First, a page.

Linda Vista is billed as “an adult comedy about immature behavior.” Surprisingly tender, Tracy Letts’ Steppenwolf stunner examines one man’s mid-life crisis from all sides and, best of all, from inside out. Sardonically struggling against himself as much as the world, Dick Wheeler is Letts’ most developed anti-hero.
Named after the San Diego condo complex that’s Wheeler’s new home (it beats living in his ex-wife’s garage), Linda Vista delivers perfect proof of Socrates’ warning that the unexamined life is not worth living. And when you’re in an edgy world premiere by the often corrosive Tracy Letts (August: Osage County, Superior Donuts, Killer Joe, Man from Nebraska, Mary Page Marlowe, Bug) and it’s scorchingly staged by Dexter Bullard, the “examination” equals tough love times ten.
Letts is unrivaled at depicting losers in seemingly irreversible tailspins, careening into catastrophes that audiences crave like a fix. The feat in Linda Vista is that the playwright cares about this 50-year-old ex-portrait photographer from Chicago, enough to spare Wheeler the usual Letts-lethal crash and burn. Allergic to bullshit, especially his own, Wheeler (Ian Barford, mired in a self-deprecating funk) is outspoken and opinionated, self-loathing and self-destructive, paranoid and narcissistic—and his self-salvation by play’s end is a wonder worth the wait.
For almost three hours Todd Rosenthal’s ever-varying revolving stage takes us through Wheeler’s snug home with its postage-stamp glimpse of the Pacific. In this “man cave” this man-child who repairs cameras in a Nikon outlet, denounces Trump at any opportunity, and prefers Stanley Kubrick films to contemporary fluff, seeks solace from his own storm—or, as he puts it, “a skid that’s lasted 15 years.”
One of Wheeler’s romantic casualties describes the unwittingly vulnerable survivor as a “turtle who doesn’t know he’s lost his shell.” Convinced that people are blind to insincerity and ripe for rip offs, Wheeler is a cameraman who’s lost his focus or, as he puts it, a caterpillar who can never graduate to butterfly.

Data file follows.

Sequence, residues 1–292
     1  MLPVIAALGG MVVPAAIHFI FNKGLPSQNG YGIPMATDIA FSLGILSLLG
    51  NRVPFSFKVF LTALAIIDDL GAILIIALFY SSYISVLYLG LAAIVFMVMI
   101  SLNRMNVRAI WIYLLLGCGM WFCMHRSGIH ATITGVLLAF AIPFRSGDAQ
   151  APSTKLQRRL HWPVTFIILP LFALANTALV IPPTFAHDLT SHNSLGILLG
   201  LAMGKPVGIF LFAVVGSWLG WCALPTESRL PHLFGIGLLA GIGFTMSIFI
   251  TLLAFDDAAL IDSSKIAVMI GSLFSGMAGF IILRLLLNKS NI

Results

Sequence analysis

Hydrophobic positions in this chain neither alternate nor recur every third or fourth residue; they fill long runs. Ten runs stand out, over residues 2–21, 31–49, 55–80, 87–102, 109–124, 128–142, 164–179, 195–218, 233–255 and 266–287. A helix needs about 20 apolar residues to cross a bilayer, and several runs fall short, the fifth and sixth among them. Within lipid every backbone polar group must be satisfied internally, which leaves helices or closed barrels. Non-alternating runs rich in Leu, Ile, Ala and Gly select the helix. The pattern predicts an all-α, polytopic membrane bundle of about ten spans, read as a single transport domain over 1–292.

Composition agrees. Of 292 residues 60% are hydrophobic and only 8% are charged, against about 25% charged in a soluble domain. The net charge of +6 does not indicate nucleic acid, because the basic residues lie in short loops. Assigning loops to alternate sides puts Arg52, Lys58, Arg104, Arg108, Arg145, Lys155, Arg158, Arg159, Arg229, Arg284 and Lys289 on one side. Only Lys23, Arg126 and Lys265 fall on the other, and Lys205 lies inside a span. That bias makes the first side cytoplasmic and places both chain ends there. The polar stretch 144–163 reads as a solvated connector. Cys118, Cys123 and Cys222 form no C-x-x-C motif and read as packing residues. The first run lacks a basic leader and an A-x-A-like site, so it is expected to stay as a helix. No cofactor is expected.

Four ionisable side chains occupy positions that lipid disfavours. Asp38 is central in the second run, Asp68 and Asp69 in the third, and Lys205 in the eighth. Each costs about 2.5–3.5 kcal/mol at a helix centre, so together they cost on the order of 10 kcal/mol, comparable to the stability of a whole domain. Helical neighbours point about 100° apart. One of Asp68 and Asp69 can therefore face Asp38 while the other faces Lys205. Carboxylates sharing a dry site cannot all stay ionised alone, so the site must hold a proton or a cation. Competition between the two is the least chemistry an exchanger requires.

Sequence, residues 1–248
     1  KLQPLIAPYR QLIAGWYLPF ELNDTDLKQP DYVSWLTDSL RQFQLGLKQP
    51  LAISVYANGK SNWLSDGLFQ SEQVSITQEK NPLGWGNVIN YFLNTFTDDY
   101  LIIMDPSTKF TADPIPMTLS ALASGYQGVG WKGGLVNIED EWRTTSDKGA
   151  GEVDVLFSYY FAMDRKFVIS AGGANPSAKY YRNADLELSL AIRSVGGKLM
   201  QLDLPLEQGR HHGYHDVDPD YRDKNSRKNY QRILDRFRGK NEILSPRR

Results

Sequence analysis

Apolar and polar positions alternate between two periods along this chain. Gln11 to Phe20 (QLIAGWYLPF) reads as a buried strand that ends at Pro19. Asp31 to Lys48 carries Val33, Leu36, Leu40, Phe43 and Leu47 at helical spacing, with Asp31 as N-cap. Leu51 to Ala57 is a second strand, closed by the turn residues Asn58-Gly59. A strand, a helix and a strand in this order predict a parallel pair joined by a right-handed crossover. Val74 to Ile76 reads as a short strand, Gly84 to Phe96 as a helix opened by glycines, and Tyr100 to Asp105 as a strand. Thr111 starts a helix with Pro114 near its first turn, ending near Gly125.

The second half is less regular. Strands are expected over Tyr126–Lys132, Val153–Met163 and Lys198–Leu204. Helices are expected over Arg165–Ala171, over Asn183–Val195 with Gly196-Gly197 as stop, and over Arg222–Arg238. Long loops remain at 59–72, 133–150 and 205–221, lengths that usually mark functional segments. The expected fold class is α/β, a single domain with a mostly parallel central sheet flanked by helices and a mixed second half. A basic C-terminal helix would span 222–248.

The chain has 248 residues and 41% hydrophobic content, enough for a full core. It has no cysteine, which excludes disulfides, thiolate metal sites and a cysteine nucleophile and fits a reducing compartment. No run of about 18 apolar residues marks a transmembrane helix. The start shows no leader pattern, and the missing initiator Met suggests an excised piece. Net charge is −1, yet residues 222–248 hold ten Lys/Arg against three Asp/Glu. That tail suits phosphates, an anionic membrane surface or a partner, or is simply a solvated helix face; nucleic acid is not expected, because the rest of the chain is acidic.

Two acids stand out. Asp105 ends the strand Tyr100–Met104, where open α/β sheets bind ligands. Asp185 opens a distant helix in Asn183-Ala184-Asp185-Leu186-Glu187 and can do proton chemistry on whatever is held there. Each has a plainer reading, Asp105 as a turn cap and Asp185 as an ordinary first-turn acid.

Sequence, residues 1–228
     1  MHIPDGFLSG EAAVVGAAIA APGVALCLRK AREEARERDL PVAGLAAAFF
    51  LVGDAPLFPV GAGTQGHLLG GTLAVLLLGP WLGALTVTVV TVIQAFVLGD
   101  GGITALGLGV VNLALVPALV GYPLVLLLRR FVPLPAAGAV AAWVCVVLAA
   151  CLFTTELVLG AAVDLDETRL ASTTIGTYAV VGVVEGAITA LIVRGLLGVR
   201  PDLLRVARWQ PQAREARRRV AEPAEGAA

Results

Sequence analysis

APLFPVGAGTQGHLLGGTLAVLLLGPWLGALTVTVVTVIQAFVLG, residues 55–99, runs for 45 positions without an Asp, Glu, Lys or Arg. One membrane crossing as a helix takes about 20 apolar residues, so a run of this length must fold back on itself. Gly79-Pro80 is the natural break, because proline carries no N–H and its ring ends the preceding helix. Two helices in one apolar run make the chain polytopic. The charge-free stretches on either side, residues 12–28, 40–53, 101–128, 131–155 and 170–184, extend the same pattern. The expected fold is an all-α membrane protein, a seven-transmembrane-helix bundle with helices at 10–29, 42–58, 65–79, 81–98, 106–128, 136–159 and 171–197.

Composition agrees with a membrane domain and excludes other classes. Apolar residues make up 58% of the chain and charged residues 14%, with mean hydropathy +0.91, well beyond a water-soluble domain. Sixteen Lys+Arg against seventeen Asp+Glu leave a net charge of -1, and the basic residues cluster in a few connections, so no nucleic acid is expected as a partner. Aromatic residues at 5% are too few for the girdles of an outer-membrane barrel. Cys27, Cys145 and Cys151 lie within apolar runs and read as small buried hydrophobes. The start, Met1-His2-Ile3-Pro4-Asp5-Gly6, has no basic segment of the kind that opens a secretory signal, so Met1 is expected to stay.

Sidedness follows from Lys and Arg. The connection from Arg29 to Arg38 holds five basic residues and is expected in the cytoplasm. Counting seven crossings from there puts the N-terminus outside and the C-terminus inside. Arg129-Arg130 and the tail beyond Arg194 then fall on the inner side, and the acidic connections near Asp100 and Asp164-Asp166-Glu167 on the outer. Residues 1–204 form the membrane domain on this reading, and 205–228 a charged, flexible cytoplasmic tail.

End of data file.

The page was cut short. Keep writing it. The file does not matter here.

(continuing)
This sporadically likable sadsack tells us (perhaps too glibly) much about himself because, well, when you’re beyond shame there’s nothing to hide. We discover his painfully unfinished divorce with Kelly, who demands confiscatory alimony and custody of their porn-craving 14-year-old son Gabe; his reflexively misogynistic affairs that always end with “He was humiliated”; and the many matters that trigger his ire. Wheeler’s patient chum Paul (Tim Hopper) won’t waste advice on this “mess” because Wheeler is going to do what he’s going to do: “Grab whatever happiness you can: You’ll fuck it up anyway.”
Linda Vista puts Paul’s prediction to many tests—and it’s fascinating to watch Wheeler pass and fail. It helps that Letts surrounds him with foils who doggedly define him by sheer contrast. There’s his semi-suicidal passive-aggressive boss Michael (deadpan deadly Troy West), a womanizing louse; his younger workmate Anita (Caroline Neff, a Valley Girl minus any attitude) who gives Wheeler a wide berth but unexpected insights; and Paul’s wife Margaret (Sally Murphy), unaware of her loveless marriage as they indulge in karaoke duets. She’s also onto Wheeler.
Most revealing are the two women who come into Wheeler’s life, sadly simultaneously, and move the plot as much as the revolving stage. Wheeler meets Jules (Cora Vander Brook, engagingly complex) on a blind date set up by Paul and Margaret. She’s a life coach with a master’s degree in “happiness,” though her luck in love all but revokes it. Her struggle to open Wheeler up to the joy of singing makes a Rubik’s cube seem simple.
Jules’ roller-coaster romance with Wheeler is no simple stage story: It forces the audience to take sides, a turning point in breaking bad. (There’s nudity aplenty to illustrate the intimacy.) Equally engaging is Wheeler’s seemingly improbable involvement with a flaming-haired, “rockabilly”-loving neighbor half his age. Pointlessly pregnant, Minnie (Kahyun Kim, too needy to be nice) has been kicked out by a boyfriend she can’t let go. She wins Wheeler’s heart as well as his home, but wanly warns, “I promise I will hurt you.”
Suddenly this middle-aged “chick magnet” named Wheeler faces Dorothy Parker’s deadly question: “What fresh new hell approaches?” The outcome of Wheeler’s “elective affinities,” as Goethe describes open-ended obsessions, really matters. So does the way Wheeler learns to break his free fall. Linda Vista ends with as redemptive an ending as Letts can manage, an indulgence that audiences could get used to.
When Wheeler finally comes to care (the “about” part doesn’t matter), well, we’ve been there long before. Bullard’s cast of seven give Letts’ conditional nuances, gut-busting revelations (like Paul’s hilarious circular reasoning), dour wisecracks, and painfully human “humiliations” everything the script requests and requires. (Alone worth the price of admission is Paul’s putdown of the “deathbed” cliché where you measure your life’s worth by your final moment.) A floor plan on how to frustrate failure, Letts’ truth harvest is a very bumper crop.
photos by Michael Brosilow
Steppenwolf Theatre Company
Steppenwolf’s Downstairs Theatre, 1650 N Halsted St
ends on May 21, 2016
for tickets, call 312.335.1650 or visit Steppenwolf
for more shows, visit Theatre in Chicago